Stormont under fire for losing £1m buying social housing land
A Stormont department lost over £1m of public money buying land for social housing in areas where there was little need for new homes.
Documents released under the Freedom of Information Act show that huge losses were incurred buying land in Protestant areas of north Belfast, despite there being lengthy waiting lists in Catholic districts.
The three sites purchased in Ballysillan, Glenbryn, and the Oldpark Road were later sold, resulting in losses of over £1.1m.
The human rights group Participation and the Practice of Rights (PPR), which uncovered the startling statistics, said they raise serious questions for the Department for Communities and the Housing Executive.
Both organisations last night defended their actions on the issue.
The Department for Communities bought a site in Glenbryn Park for £90,000 from Nama in 2014 and sold it to Clanmil Housing Association in April 2016 for £20,000 for the purpose of building 12 family homes.
Between 2002 and 2007 the Department acquired homes in Ballysillan for £922,855, but sold them for just £245,000 to Choice Housing Association to build 13 social homes, making a loss of £677,855.
The Department acquired at least 10 homes in the Oldpark Road area between 2006 and 2007 at a cost of £431,222. They were sold to Choice Housing Association in March 2015 for £50,000 to build eight town houses, representing a loss of £381,222. PPR said that the areas where the sites are located fell within the Housing Executive's Housing Needs Assessment Area North Belfast 2, which is composed of predominantly Protestant areas and where the Housing Executive itself assessed that only 38 more social homes are needed.
In contrast, according to the Housing Executive's own statistics, North Belfast 1 - made up of predominantly Catholic areas - needed 938 additional social homes, the group claimed.
Nicola Browne, Director (Policy) at PPR said: "Families in need of housing have consistently called on the Department for Communities and NIHE to secure land in order to build social housing to meet need.
"Housing patterns and statistics clearly show that over 900 homes are needed to address the well documented housing inequality impacting the Catholic community in north Belfast.
"In that context, it beggars belief that the department has instead used its powers to secure land where little need exists, and have done so at a huge cost to the public purse. "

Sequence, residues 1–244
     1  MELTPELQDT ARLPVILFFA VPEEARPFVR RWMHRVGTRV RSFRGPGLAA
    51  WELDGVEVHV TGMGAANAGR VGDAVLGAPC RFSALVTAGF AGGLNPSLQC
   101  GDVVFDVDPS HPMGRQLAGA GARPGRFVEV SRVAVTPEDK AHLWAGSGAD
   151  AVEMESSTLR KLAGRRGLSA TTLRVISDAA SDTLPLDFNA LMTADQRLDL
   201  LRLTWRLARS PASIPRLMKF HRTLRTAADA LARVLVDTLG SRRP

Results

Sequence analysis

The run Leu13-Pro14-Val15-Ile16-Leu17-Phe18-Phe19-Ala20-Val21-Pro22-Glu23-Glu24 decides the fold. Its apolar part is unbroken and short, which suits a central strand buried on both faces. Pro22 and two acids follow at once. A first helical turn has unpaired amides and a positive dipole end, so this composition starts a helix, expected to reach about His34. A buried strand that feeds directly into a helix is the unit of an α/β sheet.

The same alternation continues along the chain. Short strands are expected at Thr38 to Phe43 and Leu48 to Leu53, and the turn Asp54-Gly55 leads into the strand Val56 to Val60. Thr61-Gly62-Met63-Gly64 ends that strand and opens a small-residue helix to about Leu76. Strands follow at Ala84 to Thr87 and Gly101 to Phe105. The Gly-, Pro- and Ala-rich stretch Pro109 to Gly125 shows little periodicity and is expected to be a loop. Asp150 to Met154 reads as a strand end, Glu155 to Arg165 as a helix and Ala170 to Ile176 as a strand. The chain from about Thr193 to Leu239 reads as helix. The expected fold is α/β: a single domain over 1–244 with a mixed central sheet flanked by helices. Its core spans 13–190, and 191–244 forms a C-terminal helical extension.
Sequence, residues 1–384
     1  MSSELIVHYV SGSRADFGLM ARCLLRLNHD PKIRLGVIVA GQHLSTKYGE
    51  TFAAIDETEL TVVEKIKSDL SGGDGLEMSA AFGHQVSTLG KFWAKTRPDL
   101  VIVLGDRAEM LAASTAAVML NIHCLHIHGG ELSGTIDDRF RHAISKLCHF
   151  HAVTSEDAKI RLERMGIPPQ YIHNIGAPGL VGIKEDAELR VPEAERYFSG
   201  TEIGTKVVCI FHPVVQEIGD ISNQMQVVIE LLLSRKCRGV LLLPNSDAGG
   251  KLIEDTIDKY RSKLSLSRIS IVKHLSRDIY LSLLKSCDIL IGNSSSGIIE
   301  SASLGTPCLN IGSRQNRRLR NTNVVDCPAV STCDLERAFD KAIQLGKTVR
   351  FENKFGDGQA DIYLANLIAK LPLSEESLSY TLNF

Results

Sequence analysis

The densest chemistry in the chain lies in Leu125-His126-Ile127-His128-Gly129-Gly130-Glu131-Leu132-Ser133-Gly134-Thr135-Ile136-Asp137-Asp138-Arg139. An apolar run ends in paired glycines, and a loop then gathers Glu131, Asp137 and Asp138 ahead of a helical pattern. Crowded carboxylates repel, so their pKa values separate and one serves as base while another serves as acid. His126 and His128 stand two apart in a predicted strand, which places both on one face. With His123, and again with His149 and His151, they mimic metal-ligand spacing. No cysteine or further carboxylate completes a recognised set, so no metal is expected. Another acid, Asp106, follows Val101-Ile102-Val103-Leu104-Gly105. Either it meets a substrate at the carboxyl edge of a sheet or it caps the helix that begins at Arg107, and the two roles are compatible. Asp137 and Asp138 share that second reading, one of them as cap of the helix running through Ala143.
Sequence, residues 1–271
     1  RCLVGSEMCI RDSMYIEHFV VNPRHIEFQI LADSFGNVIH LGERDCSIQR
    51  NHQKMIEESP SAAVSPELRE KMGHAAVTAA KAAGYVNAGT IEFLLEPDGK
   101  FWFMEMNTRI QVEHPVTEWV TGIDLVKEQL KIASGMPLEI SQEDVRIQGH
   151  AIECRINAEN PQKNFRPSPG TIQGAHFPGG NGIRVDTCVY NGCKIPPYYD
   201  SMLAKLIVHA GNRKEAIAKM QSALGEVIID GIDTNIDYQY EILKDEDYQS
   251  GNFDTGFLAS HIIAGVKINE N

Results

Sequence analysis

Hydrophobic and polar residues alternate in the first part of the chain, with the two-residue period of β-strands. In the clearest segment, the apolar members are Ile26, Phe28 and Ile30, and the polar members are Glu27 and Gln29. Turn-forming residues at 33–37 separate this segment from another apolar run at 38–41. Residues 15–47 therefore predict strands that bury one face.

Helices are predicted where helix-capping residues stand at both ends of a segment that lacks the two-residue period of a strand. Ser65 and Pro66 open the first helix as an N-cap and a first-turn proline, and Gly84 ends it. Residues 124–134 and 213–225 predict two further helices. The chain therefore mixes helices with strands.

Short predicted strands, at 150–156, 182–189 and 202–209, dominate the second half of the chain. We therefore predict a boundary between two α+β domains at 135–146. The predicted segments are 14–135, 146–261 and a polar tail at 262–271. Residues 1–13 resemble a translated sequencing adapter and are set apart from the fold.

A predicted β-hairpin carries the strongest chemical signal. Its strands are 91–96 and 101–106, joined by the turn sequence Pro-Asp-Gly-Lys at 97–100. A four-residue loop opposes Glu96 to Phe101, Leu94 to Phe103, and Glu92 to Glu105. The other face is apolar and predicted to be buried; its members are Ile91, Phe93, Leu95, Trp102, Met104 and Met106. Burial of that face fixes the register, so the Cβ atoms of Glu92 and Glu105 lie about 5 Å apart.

Ms Browne said the transactions raised questions as to "how effectively" the Department for Communities and the Housing Executive were using their vesting powers.
"The department's own guidance on vesting makes clear that use of these powers must be justified by housing need and value for money. It is clear that these decisions fall short on both counts," she said.
A Department for Communities spokesperson said: "Land values at the times of both acquisition and disposal are determined by market forces and public authorities are advised in this regard by Land & Property Services, which is part of the Department of Finance.
"The responsibility for addressing housing need lies with the Housing Executive, who work with local housing associations to identify potential development sites in areas of high social housing need."
A Housing Executive spokeswoman said that the three schemes in Ballysillan, Glenbryn, and the Oldpark "were developed to meet identified social housing need". She said the Housing Executive was committed to meeting the high demand for social housing in north Belfast.
"Since the launch of the North Belfast Housing and Regeneration Strategy in 2000, a total of 2,775 new social homes have been acquired or built," she said.
"This year, there are currently 388 new social homes under construction, with plans to develop a further 26 social housing schemes, which will deliver 425 additional social homes within the North Belfast parliamentary constituency over the next three years."
PPR highlighted the case of Mohammed Idris and his family, who have been on the housing waiting list for three years since being forced out of Tigers Bay after a racist attack.
The family, who fled Sudan in 2012, are campaigning for homes to be built on the 11-acre vacant Hillview Retail Park site on the Crumlin Road, which was bought by Nama and sold back to the private developer.
Mr Idris called on the Department for Communities and the Housing Executive to move to vest the land immediately for social housing. He said it was unacceptable that his three young children were living in a hostel for so long.
The Housing Executive spokeswoman said the site was in private ownership and was currently zoned for industrial/retail use.
"Belfast City Council's Planning Services will determine any future change of use," she added.